Health News Digest

Excited delirium

July 13, 2020

A Look At Excited Delirium

By Michael D. Shaw

Any syndrome with name that initially seems so odd deserves a proper definition. We turn to a continuing education article from EMS World to get us started:

“Excited delirium syndrome (ExDS) (aka as agitated delirium) is characterized by extreme agitation and aggression in a patient with altered mental status. Patients with ExDS display violent behavior, increased pain tolerance and superhuman strength. These patients are difficult to physically restrain and continue to struggle even once restrained. Because ExDS produces hyperthermia, patients are often found naked or inappropriately clothed with hot and diaphoretic skin. EMS providers must be able to recognize ExDS and initiate treatment because the syndrome progresses to cardiac arrest in an estimated 10% of cases.”

Breaking the term down further, Stedman’s Medical Dictionary defines “Delirium” as “An altered state of consciousness, consisting of confusion, distractibility, disorientation, disordered thinking and memory, defective perception (illusions and hallucinations), prominent hyperactivity, agitation, and autonomic nervous system overactivity, caused by illness, medication, or toxic, structural, or metabolic disorders.”

And, “excited is a less well-defined term that is used to describe patients with uncontrollable and violent behavior.” (From this reference.) Another reference refers to “excitement” as a response to stimuli, often used specifically to denote excessive responsiveness to stimuli, particularly of an emotional nature, and often leading to impulsive activity.

The notion of “excited delirium” was first used in 1849 to describe psychiatric patients who developed continuous agitation and mania in the presence of fever, then suddenly collapsed and died. To clarify, at that time, it was called “Bell’s Mania,” for Luther Bell, who first documented it.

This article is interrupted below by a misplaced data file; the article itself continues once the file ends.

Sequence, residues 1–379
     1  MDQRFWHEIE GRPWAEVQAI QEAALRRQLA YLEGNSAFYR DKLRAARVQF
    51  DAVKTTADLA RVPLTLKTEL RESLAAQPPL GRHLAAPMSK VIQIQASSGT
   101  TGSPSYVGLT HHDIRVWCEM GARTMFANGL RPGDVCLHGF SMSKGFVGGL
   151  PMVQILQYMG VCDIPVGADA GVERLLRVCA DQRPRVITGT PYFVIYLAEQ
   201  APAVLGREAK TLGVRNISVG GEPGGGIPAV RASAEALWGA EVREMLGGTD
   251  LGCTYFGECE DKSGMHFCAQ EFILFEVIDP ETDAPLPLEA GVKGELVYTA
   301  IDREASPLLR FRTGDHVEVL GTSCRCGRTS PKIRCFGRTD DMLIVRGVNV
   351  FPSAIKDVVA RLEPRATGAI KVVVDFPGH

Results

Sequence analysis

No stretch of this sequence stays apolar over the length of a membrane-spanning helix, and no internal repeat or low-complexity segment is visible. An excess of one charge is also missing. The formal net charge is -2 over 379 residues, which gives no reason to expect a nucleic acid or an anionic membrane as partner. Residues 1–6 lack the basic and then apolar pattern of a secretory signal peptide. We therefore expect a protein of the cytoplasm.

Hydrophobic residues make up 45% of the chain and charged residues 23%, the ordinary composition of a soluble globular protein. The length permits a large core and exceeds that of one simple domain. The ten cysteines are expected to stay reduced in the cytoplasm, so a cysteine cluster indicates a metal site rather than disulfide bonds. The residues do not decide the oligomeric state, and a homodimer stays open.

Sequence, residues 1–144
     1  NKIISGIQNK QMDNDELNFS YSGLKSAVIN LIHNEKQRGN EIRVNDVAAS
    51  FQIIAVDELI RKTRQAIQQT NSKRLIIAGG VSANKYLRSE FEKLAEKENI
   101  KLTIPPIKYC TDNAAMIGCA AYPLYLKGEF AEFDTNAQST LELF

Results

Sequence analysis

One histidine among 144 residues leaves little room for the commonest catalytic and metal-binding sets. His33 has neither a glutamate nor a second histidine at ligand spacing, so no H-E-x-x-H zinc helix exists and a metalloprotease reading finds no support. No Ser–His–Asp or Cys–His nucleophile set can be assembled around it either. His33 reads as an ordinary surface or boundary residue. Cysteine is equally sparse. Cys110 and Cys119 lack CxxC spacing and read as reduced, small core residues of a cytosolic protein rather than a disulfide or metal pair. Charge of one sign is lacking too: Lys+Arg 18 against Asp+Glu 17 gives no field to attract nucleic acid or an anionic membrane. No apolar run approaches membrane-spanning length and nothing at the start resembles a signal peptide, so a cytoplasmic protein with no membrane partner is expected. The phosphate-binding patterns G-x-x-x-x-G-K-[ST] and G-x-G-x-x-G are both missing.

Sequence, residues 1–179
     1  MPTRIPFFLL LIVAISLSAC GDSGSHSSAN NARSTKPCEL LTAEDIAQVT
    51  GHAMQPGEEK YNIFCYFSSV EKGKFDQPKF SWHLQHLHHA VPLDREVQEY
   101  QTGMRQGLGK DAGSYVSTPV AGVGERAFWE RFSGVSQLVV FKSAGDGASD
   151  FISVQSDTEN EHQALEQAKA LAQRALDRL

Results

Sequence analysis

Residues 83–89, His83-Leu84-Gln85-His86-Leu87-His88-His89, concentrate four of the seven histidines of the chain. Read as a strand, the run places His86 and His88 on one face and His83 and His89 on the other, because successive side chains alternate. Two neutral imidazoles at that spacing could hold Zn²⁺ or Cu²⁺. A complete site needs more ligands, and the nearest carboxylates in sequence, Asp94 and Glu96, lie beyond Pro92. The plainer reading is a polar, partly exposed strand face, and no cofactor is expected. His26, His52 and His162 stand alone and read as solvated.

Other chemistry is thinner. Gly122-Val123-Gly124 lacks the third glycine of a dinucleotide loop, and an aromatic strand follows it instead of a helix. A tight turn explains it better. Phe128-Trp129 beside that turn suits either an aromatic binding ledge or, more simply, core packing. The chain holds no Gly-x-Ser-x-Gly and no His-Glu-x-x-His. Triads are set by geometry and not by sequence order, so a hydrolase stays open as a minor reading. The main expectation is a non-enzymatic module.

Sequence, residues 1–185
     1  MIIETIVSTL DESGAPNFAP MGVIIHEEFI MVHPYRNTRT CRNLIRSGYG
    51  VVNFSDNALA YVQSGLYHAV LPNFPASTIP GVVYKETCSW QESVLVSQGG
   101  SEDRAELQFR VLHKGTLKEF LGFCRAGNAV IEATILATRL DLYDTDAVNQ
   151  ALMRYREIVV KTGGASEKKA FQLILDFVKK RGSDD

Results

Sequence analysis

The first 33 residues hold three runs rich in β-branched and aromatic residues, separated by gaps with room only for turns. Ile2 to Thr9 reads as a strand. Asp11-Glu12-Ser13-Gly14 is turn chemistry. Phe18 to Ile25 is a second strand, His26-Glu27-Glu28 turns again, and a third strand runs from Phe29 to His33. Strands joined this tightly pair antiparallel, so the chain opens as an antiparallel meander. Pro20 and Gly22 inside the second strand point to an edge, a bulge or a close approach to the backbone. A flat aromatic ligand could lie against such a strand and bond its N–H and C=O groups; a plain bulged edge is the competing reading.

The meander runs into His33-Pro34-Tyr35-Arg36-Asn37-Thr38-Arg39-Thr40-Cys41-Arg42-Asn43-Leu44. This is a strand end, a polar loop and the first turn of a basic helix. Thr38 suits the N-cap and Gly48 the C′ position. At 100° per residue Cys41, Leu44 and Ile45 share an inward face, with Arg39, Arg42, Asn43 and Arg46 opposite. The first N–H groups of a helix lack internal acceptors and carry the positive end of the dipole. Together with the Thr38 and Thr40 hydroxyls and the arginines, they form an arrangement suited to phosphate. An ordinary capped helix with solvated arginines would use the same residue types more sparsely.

Emergency medical services personnel and ER doctors have been well acquainted with ExDS for decades, but its official recognition as a clinical entity is more recent. Within the past 40 years, and the proliferation of cocaine-induced incidents and related deaths, use of term was first adopted by medical examiners, who used ExDS as a diagnosis of exclusion to explain the deaths of severely agitated patients, often in police custody. In 2009, the American College of Emergency Physicians provided such official recognition.

Civil libertarians have argued that ExDS provides a convenient excuse to justify excessively brutal treatment of offenders by the police. But, this seems a bit simplistic. Ideally, such patients should be sedated on the spot, but imagine the outcry if police were to be provided with those sorts of drugs! In most real-world situations, EMS is called, but serious consequences can occur before they arrive.

Moreover, while it is pointed out that ExDS is not specifically listed in the DSM-5, or the ICD-10, both publications have other diagnoses which describe the population of patients exhibiting signs and symptoms of ExDS.

Some have tried to tie increased use of electronic control devices (aka tasers) to findings of ExDS, but this paper concluded that the symptoms associated with ExDS likely posed a far greater medical risk than the use of tasers, and that it seems unlikely that taser use significantly exacerbates the symptoms of excited delirium.

As noted in one of the sources cited in the above linked paper, “All aspects of the medicolegal death investigation triad—investigation (history), pathology, and laboratory results—are essential and must be evaluated in context with one another.”

However, it must also be understood that the first responders most likely to confront ExDS subjects are law enforcement officers, and their actions are based on split-second decisions. As is emphasized by the American College of Emergency Physicians

Given the irrational and potentially violent, dangerous, and lethal behavior of an ExDS subject, any LEO interaction with a person in this situation risks significant injury or death to either the LEO or the ExDS subject who has a potentially lethal medical syndrome. This already challenging situation has the potential for intense public scrutiny coupled with the expectation of a perfect outcome. Anything less creates a situation of potential public outrage. Unfortunately, this dangerous medical situation makes perfect outcomes difficult in many circumstances.